Peyton and I got up early on Monday and chatted and then I went back to sleep. The kids got up as he was leaving and I fixed them breakfast and then we watched two shows. I scooped liter and folded up the bed and got on the computer. I ordered them some clothes for next Summer off Zulily and got my bath. I planned school for the day and read my devotional and talked to Peyton. I played with the kids and we did their devotion and catechism and then picked up and had lunch.

I was feeling so yucky after lunch, I got a bite to eat and then took a nice nap. When I got up, I found Annie asleep on the floor. We all got up, got ready, and headed to the park.

We stayed about an hour and then came home and ate supper. I did Annie's Logic of English since we had missed it and then we read our Five in a Row book. They got their bath and I put them to bed. I got on the computer until Peyton got home. We talked and went to bed.

Tuesday was BUSY and fun. We got up and Peyton cooked us breakfast and I stayed in bed a little while. Guys, I think LACK OF physical touch is my love language because I just adore having the sleeper sofa to myself for a little bit.

Anyway, we got going and took Annie to her dance class. Peyton and I took turns playing with Graves and I read a little during it. After that, we headed straight to The Met. We had lunch of the steps and spent most of the afternoon there.
Annie (and Graves!) were fascinated by this great fashion exhibit they had going on. The ribbon dresses were my favorite- there was a dressing gown, and evening gown, and a ball gown!

Graves loved the suits of armor. 

We stopped at a playground in Central Park and headed back to Brooklyn.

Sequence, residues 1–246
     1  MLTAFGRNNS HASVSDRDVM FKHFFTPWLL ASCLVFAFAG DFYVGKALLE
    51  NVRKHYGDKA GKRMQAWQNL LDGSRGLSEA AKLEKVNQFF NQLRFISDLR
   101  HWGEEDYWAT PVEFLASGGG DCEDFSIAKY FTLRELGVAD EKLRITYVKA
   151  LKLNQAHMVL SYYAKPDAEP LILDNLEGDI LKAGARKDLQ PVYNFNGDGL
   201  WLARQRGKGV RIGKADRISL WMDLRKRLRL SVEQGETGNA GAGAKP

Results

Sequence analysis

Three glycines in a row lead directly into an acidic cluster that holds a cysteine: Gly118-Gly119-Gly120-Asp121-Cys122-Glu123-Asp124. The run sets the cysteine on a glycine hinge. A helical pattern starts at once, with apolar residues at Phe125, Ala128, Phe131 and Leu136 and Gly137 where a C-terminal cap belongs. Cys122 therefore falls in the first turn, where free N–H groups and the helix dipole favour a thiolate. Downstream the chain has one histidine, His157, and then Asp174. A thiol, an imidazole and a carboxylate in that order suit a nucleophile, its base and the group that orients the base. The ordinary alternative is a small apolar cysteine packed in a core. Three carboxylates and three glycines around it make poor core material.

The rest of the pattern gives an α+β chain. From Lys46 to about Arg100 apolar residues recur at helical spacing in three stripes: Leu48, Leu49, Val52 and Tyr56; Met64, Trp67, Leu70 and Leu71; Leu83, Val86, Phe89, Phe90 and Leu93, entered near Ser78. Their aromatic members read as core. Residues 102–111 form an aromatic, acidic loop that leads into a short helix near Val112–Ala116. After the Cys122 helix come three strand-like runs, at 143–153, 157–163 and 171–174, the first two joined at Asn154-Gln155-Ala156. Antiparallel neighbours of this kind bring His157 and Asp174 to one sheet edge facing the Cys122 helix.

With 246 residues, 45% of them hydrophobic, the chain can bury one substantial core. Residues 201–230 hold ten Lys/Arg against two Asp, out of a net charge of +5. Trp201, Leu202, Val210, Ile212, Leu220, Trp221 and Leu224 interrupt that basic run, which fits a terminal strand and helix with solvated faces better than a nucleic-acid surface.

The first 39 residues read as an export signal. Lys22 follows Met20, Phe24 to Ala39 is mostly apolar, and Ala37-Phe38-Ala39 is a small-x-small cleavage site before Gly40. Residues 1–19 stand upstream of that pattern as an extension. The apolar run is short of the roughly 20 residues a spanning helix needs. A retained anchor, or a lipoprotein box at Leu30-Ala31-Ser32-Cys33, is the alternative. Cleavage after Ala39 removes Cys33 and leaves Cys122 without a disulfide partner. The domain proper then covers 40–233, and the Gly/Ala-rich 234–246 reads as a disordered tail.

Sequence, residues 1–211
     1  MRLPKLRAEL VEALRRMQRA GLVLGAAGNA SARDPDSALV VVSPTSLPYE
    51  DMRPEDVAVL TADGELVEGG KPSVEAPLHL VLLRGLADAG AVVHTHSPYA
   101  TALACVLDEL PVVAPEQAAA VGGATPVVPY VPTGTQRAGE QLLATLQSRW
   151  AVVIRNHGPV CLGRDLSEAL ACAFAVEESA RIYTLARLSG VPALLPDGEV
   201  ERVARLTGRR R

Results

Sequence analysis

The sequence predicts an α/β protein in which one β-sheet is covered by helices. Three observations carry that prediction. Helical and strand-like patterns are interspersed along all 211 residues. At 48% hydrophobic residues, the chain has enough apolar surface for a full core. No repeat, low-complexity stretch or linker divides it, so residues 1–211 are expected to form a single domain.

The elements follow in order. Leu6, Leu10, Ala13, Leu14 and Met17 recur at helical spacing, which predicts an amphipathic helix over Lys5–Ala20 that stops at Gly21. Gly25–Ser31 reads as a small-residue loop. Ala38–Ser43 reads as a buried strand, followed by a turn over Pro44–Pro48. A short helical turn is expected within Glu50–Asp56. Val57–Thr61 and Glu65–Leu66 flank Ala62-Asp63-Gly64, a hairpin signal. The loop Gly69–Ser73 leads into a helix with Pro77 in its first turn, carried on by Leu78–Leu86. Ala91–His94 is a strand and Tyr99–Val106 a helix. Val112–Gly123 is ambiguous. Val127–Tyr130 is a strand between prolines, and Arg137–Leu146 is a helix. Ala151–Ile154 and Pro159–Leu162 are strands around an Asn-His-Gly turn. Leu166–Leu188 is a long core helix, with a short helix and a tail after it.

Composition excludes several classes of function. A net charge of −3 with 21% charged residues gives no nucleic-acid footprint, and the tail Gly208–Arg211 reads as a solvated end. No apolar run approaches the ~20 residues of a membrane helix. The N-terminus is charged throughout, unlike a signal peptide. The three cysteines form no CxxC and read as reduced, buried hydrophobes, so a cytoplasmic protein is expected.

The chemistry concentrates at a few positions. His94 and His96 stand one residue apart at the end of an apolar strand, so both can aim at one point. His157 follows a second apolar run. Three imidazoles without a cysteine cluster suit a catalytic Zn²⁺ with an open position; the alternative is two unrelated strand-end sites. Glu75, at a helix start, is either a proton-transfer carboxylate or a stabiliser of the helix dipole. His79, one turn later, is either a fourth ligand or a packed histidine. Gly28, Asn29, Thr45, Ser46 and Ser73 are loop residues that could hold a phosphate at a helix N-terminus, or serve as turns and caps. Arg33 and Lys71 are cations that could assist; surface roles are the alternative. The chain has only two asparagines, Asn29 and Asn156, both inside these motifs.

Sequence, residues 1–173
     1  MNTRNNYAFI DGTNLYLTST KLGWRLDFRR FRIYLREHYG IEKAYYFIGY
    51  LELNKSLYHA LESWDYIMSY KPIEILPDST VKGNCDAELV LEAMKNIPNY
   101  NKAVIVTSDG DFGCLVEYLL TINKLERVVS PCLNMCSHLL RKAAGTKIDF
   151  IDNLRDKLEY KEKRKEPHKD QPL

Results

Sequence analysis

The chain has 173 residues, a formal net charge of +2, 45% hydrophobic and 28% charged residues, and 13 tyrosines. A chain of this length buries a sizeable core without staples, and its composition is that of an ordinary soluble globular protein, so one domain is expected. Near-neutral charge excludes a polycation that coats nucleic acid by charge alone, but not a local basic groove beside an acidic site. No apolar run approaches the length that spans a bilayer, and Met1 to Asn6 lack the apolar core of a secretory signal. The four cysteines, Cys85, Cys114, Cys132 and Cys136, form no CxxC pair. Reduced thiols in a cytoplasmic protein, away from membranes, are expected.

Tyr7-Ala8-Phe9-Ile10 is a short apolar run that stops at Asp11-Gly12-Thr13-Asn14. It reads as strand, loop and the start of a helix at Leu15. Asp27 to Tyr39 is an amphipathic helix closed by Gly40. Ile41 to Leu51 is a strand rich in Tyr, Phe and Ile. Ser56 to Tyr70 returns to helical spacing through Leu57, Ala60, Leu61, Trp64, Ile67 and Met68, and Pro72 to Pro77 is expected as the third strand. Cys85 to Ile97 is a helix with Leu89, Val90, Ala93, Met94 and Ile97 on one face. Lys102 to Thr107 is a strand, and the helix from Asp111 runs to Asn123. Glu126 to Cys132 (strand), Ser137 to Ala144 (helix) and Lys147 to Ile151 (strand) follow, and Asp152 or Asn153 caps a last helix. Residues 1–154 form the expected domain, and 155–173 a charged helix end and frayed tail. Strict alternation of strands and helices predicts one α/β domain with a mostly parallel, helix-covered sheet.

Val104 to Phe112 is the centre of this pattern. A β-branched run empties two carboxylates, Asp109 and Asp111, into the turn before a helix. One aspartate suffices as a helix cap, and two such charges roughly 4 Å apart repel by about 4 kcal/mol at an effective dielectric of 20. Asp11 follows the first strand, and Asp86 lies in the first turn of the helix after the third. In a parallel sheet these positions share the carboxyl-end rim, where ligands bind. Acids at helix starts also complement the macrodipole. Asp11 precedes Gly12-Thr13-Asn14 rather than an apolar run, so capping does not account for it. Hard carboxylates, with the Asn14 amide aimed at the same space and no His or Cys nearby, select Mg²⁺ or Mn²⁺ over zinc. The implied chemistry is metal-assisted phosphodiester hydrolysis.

We were on a SUPER crowded train and Graves says "put me down, I'm so sweaty". I said "Bud, everyone on this train is sweaty." And this extremely dainty chick goes "Am I sweaty?? Sniff my hair, Momma." 

We stopped at the library and got a big haul and then hit up our favorite Mexican place on the way home. Peyton bathed the kids and we got them to bed about twelve hours after having left home. I did four loads of laundry in the laundry room across the courtyard and folded five.
Peyton's leg- ha! 

 I wrote a quick post and went to bed pretty late.

Wednesday was super laid back and the kids and I didn't even leave the apartment. They slept a little late and then ate breakfast and we watched Sesame Street. I took my bath, scooped liter and folded up the couch, swept the hall and kitchen and planned school for the day. I texted with some friends and then played with the kids. We did their devotion and catechism and picked up. They had lunch late and I did dishes and swept their room and straightened a bit. Graves took a good nap. I started a post, ate lunch, uploaded some pictures to Facebook, and did school with Annie.
"This is a picture of a man thinking about a mouse. And that's a cat chasing a mouse. Did you know that CATS CHASE MOUSES?" 

Graves got up and we finished our read aloud time with him. They played a little and I did Graves's critical thinking and then we read our Five In a Row book and had some good discussion. I cooked spaghetti (with sauce from a jar- not near as good as Mickey's version) and the kids ate. They took a long time to eat and I let them play a little more while I organized some stuff in the homeschool cabinet. I got them ready for bed and put up laundry in their room and then read to them for a good while. I got on the computer and then went to bed.
Dinner guests this weekend and a house guest next week means Peyton is hauling his butt to the Home Depot in Bed-Stuy to get a "serious" fan. Or Amazon Priming that sucker tonight. His wife, who sweated like a pig in her apartment today, is thankful....[These were my thoughts on Wednesday. It's the next Monday. HAS NOT HAPPENED.]